April 4, 2007 – A year ago the US Citizenship and Immigration Services (USCIS) reached its limit of H-1B visas for fiscal 2007 (starting Oct.2006) in about two months, met with much fanfare and dismay.
Ah, the good old days.
Just one day after opening up the application process for 2008 H-1B visas, the USCIS says it has already well exceeded its cap of 65,000 available spots, setting records for both speed and volume (150,000 applications for just 65,000 visas). Any application received on or after April 4 will be rejected.
Immigration reform including raising the cap on H-1B visas is “one of our top three public policy priorities,” according to a spokesperson for the Semiconductor Industry Association, adding that the issue was addressed recently during meetings among industry CEOs members of Congress.
Last fall the SIA issued a statement urging Congress to raise the H-1B visa cap, as well as make permanent the R&D tax credit and pass an appropriations bill for scientific research.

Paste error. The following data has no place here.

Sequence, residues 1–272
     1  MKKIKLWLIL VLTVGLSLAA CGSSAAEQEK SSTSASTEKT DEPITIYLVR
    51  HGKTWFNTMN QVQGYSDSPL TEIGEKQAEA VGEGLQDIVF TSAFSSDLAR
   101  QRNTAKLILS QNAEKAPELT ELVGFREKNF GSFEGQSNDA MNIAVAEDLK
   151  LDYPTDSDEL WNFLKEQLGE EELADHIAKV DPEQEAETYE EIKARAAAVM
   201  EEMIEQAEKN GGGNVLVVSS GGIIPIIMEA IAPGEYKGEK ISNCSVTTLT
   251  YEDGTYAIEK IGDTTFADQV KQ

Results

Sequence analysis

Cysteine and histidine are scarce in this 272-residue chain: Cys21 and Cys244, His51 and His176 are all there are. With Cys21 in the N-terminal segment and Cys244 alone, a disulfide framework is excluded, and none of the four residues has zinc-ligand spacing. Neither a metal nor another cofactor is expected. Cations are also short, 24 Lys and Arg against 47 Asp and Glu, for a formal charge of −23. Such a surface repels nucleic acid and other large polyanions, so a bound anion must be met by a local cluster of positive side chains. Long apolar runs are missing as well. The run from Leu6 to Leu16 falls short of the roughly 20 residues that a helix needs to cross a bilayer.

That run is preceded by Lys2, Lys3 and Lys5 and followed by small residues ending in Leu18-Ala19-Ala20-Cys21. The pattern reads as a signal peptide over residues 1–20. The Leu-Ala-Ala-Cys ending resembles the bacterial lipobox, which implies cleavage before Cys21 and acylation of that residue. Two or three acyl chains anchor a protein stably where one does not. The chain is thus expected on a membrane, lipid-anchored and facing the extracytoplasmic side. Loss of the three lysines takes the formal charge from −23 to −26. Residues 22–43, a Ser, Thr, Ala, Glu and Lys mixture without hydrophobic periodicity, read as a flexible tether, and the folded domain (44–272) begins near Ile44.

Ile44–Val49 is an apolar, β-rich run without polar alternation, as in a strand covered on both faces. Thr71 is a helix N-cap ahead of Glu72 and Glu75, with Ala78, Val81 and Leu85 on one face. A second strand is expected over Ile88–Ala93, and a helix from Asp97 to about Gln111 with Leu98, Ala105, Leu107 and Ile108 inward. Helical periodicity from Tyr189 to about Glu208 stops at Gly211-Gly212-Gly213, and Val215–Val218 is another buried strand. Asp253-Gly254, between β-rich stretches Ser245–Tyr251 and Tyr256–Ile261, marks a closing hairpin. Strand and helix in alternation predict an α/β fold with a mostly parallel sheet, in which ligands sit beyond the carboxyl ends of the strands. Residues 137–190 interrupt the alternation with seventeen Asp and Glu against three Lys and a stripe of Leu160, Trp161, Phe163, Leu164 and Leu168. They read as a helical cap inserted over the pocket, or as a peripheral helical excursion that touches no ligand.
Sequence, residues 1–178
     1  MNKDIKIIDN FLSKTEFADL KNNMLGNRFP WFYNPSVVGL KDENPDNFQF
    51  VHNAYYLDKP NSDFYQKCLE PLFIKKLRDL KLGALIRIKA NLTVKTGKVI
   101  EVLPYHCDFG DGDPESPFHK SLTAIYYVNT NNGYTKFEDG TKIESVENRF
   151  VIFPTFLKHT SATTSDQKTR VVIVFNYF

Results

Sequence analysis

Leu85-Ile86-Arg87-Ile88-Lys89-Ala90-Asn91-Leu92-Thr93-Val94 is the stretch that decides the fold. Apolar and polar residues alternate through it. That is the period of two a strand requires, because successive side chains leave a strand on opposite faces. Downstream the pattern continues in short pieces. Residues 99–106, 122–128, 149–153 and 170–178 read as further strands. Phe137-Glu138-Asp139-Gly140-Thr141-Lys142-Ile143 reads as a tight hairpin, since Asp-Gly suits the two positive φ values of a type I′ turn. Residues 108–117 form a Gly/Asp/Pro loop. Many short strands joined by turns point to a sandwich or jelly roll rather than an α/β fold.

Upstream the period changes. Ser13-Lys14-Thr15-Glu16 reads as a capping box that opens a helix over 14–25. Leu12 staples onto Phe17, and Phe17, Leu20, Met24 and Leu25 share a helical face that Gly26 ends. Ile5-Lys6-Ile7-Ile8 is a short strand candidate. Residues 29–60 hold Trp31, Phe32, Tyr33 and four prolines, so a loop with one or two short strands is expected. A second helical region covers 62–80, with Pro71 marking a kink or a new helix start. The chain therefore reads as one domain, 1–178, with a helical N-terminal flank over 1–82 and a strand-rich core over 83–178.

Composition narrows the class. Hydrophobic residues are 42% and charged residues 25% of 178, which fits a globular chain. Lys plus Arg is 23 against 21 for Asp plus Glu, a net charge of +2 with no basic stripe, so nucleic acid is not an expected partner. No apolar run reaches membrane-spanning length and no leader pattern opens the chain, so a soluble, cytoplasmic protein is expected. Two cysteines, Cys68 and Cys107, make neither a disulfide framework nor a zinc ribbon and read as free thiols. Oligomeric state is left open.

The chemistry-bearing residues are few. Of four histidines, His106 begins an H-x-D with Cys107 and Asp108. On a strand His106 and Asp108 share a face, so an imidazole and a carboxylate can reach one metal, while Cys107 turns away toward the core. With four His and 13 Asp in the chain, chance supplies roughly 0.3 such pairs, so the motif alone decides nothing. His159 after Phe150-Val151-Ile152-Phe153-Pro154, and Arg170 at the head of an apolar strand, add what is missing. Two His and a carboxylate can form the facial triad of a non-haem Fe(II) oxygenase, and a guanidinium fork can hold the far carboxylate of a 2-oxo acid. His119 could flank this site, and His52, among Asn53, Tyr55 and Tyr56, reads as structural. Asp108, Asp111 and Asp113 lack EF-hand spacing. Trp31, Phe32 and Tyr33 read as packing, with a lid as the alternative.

The USCIS says it will randomly select final recipients of H-1B visas for fiscal 2008, a process that will take several weeks due to the high volume of filings, and necessitate spreading data entry across several service centers. The first 20,000 H-1B petitions filed from foreigners with a masters’ PhD degree from a US institution. Petitions filed on behalf of current H-1B workers do not count toward the congressionally mandated H-1B cap.
Last year’s H-1B cap (for fiscal 2007, starting in Oct. 2006) was reached at the end of May 2006, about two months after the USCIS started accepting applications. It took four months to fill the fiscal 2006 H-1B cap.
Petitioners may re-submit petitions on April 1, 2008, when H-1B visas become available for fiscal year 2009, with a start date of Oct. 2008.